In the east part of the city and close to the walls is the large architectural complex of the Dominican monastery. It is a major treasury of cultural and art heritage in Dubrovnik. In its library are numerous illuminated manuscripts and a rich archive with precious documents. The monastery and church buildings were completed in the 14th century although the Dominicans established their monastery in 1225. The church is one of the largest Gothic buildings on the east Adriatic coast. Of a simple architectural design featuring a hall with a pentagonal Gothic apse which is separated from the central area by three high openings with Gothic arches. The Monastery complex acquired its final shape in the 15th century when the vestry, the chapter house and the cloister were added.
The beautiful porches of the cloister were built between 1456 and 1483 by local builders. The arches of the cloister are closed by Gothic and Renaissance triforas. In the middle of the courtyard is a richly decorated cistern crown.
The interior is rich in stone church furniture, a pulpit , gravestones and Renaissance niches.
Located on the wall in the north aisle of Lichfield Cathedral is an oval monument in memory of Theophania, daughter of Thomas Coningsby – Lord of North Mims. The white marble monument is richly decorated with foliated sculpture, cherubs and features the Coningsby Arms at the top with the Arms of the Deanery of Lichfield at the bottom.
On the west wall of the north transept in the Church of St Peter & St Paul is the monument to James Noel. The son of Viscount Campden, James died in 1681 aged 18 years.
The white marble effigy represents James resting on a pedestal where two infants sit on a cushion. The pedestal inscription has both English and Latin verses.
The large complex of the Franciscan monastery (Friars Minor) is located at the very beginning of the Placa and to the left of the Pile Gate. Spreading north along the walls as far as the tower Minceta, the lateral facade of the monastery church runs along the principle street of Dubrovnik. The monastery building was started in 1317. Some parts were destroyed and rebuilt several times. The large Franciscan church which was one of the richest in Dubrovnik at the time, was destroyed in the 1667 earthquake. The portal on the south wall is the only element of the former building which has been preserved.
The portal is believed to have been moved from the front to the lateral wall during the course of the 17th century restoration. It was the most monumental portal in Dubrovnik, according to the contract of 1498, and was carved in the local workshop owned by the brothers Leonard and Petar Petrovic. The figures of St.Jerome and St.John the Baptist are set above the door-posts with the Pietr in relief is represented in the central Gothic lunette. Above the lunette is the figure of the Father Creator.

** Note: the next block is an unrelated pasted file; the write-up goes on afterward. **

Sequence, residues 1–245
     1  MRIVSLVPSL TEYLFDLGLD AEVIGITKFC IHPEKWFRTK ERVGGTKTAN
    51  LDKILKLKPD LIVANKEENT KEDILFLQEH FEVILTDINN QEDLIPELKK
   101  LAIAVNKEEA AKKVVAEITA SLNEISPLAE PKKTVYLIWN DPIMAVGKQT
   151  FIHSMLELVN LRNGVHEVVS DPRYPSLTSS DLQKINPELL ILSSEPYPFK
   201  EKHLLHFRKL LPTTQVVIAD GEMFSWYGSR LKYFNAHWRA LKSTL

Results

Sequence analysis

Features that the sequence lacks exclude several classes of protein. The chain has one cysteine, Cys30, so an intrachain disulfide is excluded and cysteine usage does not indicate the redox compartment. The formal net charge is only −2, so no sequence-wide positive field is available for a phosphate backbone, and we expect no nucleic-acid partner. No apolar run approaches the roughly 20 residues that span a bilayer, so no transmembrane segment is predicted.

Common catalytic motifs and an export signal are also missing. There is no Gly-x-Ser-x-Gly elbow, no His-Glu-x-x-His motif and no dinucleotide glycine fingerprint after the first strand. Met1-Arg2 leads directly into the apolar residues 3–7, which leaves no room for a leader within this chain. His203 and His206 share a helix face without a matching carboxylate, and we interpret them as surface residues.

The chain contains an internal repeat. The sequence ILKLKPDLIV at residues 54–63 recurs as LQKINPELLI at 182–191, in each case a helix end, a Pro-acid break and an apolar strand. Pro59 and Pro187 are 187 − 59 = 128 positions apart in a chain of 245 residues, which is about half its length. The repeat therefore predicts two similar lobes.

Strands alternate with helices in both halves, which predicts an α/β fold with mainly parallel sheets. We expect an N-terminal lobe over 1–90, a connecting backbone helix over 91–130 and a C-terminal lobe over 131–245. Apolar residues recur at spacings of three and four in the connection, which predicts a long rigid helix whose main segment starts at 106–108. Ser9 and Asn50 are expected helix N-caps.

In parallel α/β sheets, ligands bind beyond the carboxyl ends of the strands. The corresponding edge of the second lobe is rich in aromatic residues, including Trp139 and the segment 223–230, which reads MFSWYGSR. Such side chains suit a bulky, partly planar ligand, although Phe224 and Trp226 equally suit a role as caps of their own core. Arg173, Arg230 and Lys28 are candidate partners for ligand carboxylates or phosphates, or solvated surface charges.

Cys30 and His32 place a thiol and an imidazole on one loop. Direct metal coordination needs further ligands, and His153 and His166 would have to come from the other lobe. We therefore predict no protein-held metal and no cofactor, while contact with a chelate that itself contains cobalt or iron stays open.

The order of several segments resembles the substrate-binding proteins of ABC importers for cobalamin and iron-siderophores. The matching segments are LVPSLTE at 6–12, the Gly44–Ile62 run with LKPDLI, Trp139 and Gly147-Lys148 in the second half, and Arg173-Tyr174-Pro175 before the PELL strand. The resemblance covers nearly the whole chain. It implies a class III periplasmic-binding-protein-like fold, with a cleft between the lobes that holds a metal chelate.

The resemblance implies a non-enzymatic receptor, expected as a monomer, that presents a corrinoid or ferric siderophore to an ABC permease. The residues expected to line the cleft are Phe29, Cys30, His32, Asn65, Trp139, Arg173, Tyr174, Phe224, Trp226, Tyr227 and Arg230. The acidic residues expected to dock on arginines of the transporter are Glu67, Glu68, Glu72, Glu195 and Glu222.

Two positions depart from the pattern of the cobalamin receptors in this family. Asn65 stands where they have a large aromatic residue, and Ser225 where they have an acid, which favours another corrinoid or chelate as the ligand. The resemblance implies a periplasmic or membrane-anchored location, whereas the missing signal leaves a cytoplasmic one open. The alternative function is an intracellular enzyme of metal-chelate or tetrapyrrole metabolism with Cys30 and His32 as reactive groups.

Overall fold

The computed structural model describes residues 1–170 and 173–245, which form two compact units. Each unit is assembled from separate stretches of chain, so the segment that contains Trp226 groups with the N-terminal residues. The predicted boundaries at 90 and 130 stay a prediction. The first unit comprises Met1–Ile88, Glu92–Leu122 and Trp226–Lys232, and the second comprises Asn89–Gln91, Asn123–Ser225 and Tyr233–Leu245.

The cloister was built by master Mihoje Brajkov of Bar in 1360. Framed by a colonnade of double hexaphoras with each having a completely different capital.
The Franciscan cloister is of late Romanesque design and considered one of the most valuable creations on the Croatian shores of the Adriatic.
In 1317 a pharmacy was founded in the monastery, the third oldest in the world and continues to function today. The monastery owns one of the richest libraries in Croatia, famous all over the world for its inventory. The collection has over 20,000 books, over 1200 of which are old manuscripts and 7 books of old church corals.
Shield set in the stone walls of the cloister
Located on the south wall of the chancel in the Church of St Peter & St Paul is a wall monument to the 4th Earl of Gainsborough and his wife, Countess Elizabeth Gainsborough. Erected in 1790, the monument is the work of the 18th century British born sculptor Joseph Nollekens.
Reclining upon a sarcophagus, the Countess is represented with her right arm pointing to medallions busts of herself and her two husbands. A weeping cherub sits beneath the medallions with an extinguished torch.
Located in the Pedilavium in Lichfield Cathedral is the bronze sculpture of Edward Sydney Woods who was Bishop of Lichfield from 1937-1953. The sculpture is the work of the American born sculptor, painter and illustrator, Sir Jacob Epstein and was created in 1958. Epstein was a member who founded the London Group in 1913 and he was knighted in 1954.
The Placa – west to east
Placa is derived from the Greek and Latin Platea which we translate as “street”. The present shape of the Placa was as a result of the earthquake of 1667 when Dubrovnik was rebuilt hastily after destruction and fires. The unified construction of two rows of stone houses, of equal height with similar fronts and similar interior arrangement, and built in the Baroque style now form the appearance of the Placa. The Senate of the Republic ruled that every house should have space for several shops on the ground floor. Placa is the main open urban area in Dubrovnik and favoured as a gathering place and promenade. It is the main business street of the old city centre and popular with processions and feasts. The street divides the old city into northern and southern halves and is the shortest route between the western and eastern gates. It was created at the end of the 11th century.
The Placa – eastern end
In the western end of the Placa, close to the Pile Gate, the street widens into Paskoja Milicevica Square where the Franciscan Monastery is located. At the opposite, eastern end the Placa widens into Luza square. This square was formerly used as a market place. A great number of important administrative and sacral buildings are situated around the square such as the Baroque church of St Blasius, the patron saint of Dubrovnik, Little Onofrio’s Fountain, Sponza Palace and the Mint. The main festivities take place on Luza square including the feast of St Blasius and the opening ceremony of the summer festival.
Street music along the Placa